The Wiener Library

For the Study of the Holocaust & Genocide

History & Mission

Our vision is of a continuously developing library, archive and information service for the UK and for the international community, dedicated to supporting research, learning, teaching and advocacy about the Holocaust and genocide, their causes and consequences.

The Library provides a resource to oppose antisemitism and other forms of prejudice and intolerance. Its reputation rests on its independence and the scholarly objectivity of its activities and publications.

Our mission is:

  • To serve scholars, professional researchers, the media and the public as a library of record.
  • To be a living memorial to the evils of the past by ensuring that our wealth of materials is put at the service of the future.
  • To engage people of all ages and backgrounds in understanding the Holocaust and its historical context through an active educational programme.
  • To communicate the accessibility, power and contemporary relevance of our collections as a national resource for those wishing to prevent possible future genocides.

Our History

Dr Alfred Wiener at his desk at the Library in Manchester Square, 1953

Dr Alfred Wiener at his desk at the Library in Manchester Square, 1953

Image WL1831

The Wiener Library traces its roots back to Germany in the 1920s. Dr Alfred Wiener, a German Jew, having fought in WWI, returned to Germany in 1919 and was horrified at the surge of right-wing antisemitism, which blamed Jews for the defeat.

Dr Wiener worked with the Central Association of German Citizens of Jewish Faith to combat antisemitism, writing, lobbying and speaking publicly. From 1925 (the year Hitler published Mein Kampf) he perceived a greater threat from the Nazi Party than any other antisemitic group or party. Under his influence an archive was started just to collect information about the Nazis, which formed the basis of campaigns to undermine their activities.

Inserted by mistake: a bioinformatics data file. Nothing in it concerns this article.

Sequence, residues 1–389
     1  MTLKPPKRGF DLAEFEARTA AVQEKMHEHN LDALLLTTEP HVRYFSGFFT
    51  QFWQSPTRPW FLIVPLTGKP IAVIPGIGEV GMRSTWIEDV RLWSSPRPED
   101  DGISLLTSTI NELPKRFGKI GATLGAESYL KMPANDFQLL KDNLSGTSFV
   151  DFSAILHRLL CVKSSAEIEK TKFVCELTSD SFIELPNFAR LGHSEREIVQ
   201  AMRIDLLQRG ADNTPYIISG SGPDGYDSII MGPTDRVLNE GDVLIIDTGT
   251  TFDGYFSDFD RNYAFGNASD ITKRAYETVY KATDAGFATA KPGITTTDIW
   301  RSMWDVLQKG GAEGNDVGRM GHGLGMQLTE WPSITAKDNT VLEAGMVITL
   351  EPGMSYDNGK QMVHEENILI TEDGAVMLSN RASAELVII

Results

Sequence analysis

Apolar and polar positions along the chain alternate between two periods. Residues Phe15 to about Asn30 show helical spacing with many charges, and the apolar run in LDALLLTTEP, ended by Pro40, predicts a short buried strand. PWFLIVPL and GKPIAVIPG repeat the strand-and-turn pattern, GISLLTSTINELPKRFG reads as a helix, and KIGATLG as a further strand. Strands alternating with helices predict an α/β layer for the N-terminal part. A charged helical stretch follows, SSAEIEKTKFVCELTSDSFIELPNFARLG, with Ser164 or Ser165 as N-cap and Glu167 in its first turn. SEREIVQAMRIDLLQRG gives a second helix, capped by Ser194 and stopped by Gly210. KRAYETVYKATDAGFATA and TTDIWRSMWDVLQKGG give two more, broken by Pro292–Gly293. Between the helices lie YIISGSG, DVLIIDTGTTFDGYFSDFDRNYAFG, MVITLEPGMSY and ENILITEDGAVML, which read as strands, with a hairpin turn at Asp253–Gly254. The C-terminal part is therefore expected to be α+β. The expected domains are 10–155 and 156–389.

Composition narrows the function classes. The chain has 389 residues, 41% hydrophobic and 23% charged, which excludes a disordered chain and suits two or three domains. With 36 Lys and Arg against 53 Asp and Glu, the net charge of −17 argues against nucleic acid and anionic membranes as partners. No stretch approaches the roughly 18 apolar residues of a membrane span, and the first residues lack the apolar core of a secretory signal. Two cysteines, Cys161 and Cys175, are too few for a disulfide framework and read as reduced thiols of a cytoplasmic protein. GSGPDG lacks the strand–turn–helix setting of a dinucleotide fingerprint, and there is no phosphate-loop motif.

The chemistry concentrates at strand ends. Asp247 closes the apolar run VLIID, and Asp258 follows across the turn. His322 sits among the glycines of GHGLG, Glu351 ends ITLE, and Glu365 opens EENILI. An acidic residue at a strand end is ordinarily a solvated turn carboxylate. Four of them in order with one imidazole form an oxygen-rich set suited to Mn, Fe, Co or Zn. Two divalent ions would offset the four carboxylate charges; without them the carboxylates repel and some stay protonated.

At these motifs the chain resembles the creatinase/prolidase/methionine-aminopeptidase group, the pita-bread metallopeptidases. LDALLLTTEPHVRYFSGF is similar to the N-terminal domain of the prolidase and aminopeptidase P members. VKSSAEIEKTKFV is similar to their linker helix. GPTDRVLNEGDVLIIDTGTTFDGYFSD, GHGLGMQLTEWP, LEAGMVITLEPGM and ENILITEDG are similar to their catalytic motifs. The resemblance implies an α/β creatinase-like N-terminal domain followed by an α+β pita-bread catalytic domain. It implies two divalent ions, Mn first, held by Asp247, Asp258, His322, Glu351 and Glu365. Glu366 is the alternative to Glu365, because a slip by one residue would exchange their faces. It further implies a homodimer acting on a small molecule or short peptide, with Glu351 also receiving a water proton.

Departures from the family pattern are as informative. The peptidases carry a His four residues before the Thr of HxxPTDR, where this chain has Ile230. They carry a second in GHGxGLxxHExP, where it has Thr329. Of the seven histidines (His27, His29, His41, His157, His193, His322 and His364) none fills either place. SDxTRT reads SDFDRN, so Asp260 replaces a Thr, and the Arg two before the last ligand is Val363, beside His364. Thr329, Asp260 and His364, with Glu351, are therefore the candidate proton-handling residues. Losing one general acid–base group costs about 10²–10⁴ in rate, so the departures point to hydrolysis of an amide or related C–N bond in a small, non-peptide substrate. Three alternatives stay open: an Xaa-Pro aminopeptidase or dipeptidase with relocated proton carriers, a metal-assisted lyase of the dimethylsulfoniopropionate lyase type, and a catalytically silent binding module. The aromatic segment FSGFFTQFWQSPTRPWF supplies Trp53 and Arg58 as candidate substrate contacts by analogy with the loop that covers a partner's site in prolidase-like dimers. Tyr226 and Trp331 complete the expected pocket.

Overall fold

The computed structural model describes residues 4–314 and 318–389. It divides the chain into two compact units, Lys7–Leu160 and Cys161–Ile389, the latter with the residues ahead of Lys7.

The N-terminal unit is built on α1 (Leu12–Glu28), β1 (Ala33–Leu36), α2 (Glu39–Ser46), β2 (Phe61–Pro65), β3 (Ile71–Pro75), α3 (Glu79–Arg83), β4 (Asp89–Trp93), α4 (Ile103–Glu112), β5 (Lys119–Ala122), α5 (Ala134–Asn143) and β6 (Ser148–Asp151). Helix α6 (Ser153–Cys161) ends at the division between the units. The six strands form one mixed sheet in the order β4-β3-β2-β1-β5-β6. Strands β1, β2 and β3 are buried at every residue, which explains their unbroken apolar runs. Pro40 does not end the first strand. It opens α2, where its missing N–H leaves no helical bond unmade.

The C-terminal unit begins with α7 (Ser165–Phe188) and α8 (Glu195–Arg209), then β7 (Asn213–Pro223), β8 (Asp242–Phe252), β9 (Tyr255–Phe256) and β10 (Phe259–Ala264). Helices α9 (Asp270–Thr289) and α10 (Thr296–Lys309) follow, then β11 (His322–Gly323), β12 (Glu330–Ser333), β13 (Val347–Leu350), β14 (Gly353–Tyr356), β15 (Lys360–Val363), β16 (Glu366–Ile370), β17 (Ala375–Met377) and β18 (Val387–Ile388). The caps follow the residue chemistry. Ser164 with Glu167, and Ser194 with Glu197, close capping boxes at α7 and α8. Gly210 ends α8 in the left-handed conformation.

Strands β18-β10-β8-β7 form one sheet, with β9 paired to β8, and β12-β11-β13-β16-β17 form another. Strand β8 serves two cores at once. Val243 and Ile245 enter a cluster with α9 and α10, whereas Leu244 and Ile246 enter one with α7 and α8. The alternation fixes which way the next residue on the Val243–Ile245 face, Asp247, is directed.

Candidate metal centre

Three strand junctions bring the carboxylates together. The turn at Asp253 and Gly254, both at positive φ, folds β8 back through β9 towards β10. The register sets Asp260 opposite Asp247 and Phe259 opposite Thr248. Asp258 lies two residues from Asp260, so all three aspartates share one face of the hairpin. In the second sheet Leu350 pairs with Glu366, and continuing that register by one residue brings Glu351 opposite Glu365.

Dr Wiener and his family fled Germany in 1933 and settled in Amsterdam.  Dr Wiener's first archive is believed to have been destroyed. Later that year he set up the Jewish Central Information Office at the request of the Board of Deputies of British Jews and the Anglo-Jewish Association.  The JCIO essentially continued the work of the earlier archive.

Following the November Pogrom of 1938, Wiener prepared to bring his collection to the UK. It arrived the following summer and is believed to have opened on the day the Nazis invaded Poland.

Throughout the War the JCIO served the British Government as it fought the Nazi regime. Increasingly the collection was referred to as ‘Dr Wiener's Library' and eventually this led to its renaming.

Post-war, the Library assisted the prosecutors at the Nuremberg Trial, amassed early survivor testimony and helped to shape the emerging academic study of the Holocaust.

Today, the collection is among the largest and most respected in the world and continues to grow. In 2011 it moved to new premises in Russell Square and began a programme funded by the Heritage Lottery Fund to improve access and open its collections to the widest possible audience. In 2013, the Wiener Library celebrated its 80th anniversary year - view a digital version of our anniversary photo book featuring a photo series by Ali Mobasser, Russell Weekes & Marianne Noble Photography, Art Direction & Design.

Read Our History in:

French

Hebrew

Hungarian

Italian

This film was kindly donated by Emma Kane
Narrated by Natasha Kaplinsky
Scriptwriting by Adam Taub
Music by Chris Rogers
Sound recording by Chris Phinikas at Silk Sound Studios 
Leica Camera c/o RG Lewis
Printing Press c/o The Old Printing Shop
Directed and Edited by Richard Gold